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Barnes & Noble, Borders Settle Indie Bookstores' Suit

19 Apr, 2001 By: Hive News


Barnes & Noble Inc. and Borders Group Inc., two of the nation's largest book chains, settled a federalantitrust suit Thursday brought by small, independent bookstores, according to the Associated Press.

The small bookstores, represented by the American Booksellers Association, accused the book giants of using their size illegally todemand major discounts from publishers, a move they alleged undermined mom-and-pop stores that could not compete.

But after unfavorable rulings in federal court here, the ABA dropped the suit in exchange for Barnes and Borders paying about a quarterof the ABA's $16 million in legal expenses.

"This settlement is nothing short of a total vindication for Barnes and Noble," said Leonard Riggio, Barnes' chairman.

Representatives of two book giants said the settlement, which prohibits the ABA from suing them again on the same grounds for three years, was cheaper than battling the lawsuit.

The ABA, based in New York, portrayed the settlement as its own victory.

"The objectives of the litigation have, by and large, been achieved," the ABA's board of directors said in a statement.

The independents had wanted to pay the same prices for books as do Barnes and Borders, but the settlement does not require publishers to do that. U.S. DistrictJudge William H. Orrick hadearlier ruled that the independents were not entitled to damages because it would be impossible to determine how much they were harmed, if at all.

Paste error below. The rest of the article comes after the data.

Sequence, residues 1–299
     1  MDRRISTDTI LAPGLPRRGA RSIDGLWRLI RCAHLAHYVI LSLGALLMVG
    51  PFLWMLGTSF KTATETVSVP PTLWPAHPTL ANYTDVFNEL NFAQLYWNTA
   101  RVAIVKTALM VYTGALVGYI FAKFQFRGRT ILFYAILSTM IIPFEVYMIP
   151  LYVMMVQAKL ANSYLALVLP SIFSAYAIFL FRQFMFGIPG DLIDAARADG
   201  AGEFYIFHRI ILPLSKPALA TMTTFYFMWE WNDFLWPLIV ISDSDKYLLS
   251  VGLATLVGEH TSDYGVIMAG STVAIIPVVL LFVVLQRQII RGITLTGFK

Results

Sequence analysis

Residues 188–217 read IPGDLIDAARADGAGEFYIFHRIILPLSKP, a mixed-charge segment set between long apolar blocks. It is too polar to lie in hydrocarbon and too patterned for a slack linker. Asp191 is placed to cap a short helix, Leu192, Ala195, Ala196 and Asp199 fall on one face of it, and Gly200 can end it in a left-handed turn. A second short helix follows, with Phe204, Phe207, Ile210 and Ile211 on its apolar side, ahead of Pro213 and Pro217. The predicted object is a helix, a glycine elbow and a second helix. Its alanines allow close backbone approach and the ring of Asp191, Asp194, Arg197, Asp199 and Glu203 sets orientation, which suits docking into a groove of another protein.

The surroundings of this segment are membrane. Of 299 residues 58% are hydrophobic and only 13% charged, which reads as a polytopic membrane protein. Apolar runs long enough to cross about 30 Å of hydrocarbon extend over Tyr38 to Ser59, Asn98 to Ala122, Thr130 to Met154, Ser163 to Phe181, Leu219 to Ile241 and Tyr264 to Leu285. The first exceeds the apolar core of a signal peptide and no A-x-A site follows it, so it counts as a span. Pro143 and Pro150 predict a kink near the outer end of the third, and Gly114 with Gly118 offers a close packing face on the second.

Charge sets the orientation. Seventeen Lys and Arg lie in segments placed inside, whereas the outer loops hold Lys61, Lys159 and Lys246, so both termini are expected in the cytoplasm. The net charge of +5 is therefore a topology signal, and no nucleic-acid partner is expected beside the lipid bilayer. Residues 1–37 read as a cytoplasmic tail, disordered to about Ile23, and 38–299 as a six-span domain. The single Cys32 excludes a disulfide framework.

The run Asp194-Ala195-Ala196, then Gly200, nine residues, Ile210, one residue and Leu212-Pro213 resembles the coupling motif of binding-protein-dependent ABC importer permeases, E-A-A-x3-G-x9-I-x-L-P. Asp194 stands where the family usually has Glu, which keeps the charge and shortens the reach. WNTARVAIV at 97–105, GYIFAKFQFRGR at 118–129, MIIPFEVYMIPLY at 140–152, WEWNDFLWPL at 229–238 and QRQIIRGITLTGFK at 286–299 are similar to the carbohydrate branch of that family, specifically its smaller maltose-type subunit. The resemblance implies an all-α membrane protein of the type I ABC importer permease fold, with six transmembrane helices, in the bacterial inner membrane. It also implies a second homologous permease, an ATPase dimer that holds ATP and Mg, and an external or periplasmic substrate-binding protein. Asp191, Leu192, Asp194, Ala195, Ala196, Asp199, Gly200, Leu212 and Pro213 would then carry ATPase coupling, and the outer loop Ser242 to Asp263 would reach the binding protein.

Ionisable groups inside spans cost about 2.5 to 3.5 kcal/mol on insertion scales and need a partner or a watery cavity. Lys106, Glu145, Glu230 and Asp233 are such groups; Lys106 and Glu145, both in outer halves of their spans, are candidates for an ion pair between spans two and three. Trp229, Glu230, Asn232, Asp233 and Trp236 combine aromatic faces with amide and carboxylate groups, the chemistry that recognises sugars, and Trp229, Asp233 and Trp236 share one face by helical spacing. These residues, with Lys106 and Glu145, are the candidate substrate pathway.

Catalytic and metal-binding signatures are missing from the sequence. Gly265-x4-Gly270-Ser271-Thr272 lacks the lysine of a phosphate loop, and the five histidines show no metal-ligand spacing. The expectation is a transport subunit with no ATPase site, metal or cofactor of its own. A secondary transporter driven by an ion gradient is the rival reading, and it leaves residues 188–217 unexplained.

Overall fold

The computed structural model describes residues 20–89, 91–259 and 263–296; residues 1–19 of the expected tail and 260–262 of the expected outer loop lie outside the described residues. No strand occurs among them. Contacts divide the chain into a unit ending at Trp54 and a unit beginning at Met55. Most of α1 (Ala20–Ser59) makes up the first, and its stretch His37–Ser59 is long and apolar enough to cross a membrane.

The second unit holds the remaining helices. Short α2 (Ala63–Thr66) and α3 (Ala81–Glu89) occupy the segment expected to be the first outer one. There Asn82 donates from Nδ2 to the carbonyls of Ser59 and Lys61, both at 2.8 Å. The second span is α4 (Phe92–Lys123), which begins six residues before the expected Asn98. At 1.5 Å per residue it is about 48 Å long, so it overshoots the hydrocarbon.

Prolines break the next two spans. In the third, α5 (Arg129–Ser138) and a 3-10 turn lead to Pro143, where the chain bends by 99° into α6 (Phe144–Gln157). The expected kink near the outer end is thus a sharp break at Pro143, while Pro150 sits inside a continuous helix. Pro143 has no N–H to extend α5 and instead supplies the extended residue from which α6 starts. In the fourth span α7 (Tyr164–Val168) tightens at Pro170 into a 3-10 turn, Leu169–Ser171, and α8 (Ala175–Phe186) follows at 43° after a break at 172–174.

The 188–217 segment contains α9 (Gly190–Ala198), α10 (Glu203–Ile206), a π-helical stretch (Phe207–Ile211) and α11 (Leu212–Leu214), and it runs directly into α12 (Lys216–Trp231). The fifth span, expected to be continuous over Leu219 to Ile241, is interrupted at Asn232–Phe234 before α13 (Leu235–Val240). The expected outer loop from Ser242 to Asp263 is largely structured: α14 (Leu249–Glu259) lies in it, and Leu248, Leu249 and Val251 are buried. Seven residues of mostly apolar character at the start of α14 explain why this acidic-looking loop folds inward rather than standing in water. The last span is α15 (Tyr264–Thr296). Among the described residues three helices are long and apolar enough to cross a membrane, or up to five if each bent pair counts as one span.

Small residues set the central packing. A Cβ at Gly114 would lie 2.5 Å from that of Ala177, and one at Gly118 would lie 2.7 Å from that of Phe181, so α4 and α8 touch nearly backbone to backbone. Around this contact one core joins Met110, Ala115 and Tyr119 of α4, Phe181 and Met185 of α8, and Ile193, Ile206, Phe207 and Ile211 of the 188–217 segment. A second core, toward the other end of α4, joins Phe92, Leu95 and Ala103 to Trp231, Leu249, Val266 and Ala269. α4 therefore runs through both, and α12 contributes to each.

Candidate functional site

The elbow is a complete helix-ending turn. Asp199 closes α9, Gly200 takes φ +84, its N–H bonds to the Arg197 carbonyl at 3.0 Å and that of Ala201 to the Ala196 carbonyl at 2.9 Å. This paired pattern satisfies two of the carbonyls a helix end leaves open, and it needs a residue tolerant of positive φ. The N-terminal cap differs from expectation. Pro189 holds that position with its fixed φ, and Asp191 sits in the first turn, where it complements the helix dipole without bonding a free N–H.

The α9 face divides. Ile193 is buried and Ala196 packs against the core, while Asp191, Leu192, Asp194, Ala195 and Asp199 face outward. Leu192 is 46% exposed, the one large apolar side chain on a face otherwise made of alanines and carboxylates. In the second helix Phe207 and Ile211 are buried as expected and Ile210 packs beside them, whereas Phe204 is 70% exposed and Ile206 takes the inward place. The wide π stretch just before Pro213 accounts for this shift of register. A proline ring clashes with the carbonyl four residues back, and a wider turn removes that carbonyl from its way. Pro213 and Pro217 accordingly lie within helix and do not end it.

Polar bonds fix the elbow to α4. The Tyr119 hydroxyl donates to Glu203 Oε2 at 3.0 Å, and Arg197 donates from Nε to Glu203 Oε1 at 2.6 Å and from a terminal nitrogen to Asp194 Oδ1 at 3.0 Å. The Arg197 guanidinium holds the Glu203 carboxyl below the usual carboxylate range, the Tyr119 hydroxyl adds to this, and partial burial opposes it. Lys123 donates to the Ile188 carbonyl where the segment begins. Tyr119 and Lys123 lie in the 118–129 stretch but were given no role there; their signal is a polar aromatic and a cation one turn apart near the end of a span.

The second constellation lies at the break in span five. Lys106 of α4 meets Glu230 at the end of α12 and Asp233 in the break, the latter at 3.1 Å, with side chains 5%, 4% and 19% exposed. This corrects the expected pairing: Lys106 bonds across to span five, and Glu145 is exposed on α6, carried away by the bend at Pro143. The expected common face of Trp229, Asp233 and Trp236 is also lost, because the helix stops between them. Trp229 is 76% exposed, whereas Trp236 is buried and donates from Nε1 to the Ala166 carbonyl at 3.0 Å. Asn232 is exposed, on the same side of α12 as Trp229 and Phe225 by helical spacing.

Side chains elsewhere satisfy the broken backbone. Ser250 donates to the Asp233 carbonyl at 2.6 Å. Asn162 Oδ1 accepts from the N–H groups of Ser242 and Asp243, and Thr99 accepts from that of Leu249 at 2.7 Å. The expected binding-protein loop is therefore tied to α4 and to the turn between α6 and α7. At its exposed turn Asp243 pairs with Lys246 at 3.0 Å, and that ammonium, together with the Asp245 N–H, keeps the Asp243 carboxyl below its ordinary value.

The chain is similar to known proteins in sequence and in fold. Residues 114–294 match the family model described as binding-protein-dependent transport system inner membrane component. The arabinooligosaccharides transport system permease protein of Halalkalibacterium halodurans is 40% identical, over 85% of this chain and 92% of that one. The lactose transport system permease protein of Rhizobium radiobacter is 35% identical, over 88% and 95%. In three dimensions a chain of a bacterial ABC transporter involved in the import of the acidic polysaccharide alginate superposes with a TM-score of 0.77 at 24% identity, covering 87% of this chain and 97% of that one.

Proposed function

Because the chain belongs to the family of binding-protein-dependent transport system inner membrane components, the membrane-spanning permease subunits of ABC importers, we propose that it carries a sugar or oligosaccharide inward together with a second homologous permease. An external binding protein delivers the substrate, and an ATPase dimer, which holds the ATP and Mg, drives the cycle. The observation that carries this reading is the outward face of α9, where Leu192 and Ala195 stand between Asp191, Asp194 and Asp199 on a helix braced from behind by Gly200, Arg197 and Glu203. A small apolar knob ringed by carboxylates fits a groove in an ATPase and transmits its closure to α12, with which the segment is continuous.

Said Stephanie Oda, who publishes Subtext, a Connecticut newslettercovering the bookselling industry, "Business is not fair. This is a capitalistic system."

The ABA argued the book giants were violating the Robinson-Patman Act of 1936, enacted to prevent large businesses from using their purchasing power to gainmarket advantage. The bookgiants said they were entitled to discounts because of their ability to move large volumes of books.

It was not the first time the ABA has taken its claims to court. In 1998, it settled a claim with publishing house Penguin USA of New York alleging that it offeredillegal secret discounts andpayoffs to large book chains and book-buying clubs.

As major bookstore chains have expanded to new territories in recent years, the number of independent bookstores has declined. From 1994 to 1997, the fourlargest bookstore chains -- Barnes, Borders, Crown Books and Books-A-Million -- expanded their collective market share from 35% to 45%, the ABA said.

The association has about 3,000 members, down from its peak of 5,000 five years ago.

Barnes and Borders operate 937 and 335 stores, respectively, and areexpanding notably in California.

(Source: Associated Press)

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